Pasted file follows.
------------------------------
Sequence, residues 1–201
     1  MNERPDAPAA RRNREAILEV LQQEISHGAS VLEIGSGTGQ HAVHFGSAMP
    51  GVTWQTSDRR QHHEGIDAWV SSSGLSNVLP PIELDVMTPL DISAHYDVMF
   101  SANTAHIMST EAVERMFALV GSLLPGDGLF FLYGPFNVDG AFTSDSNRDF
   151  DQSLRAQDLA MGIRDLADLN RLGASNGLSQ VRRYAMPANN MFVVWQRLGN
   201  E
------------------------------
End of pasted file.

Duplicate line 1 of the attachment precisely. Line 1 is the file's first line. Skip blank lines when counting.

Sequence, residues 1–201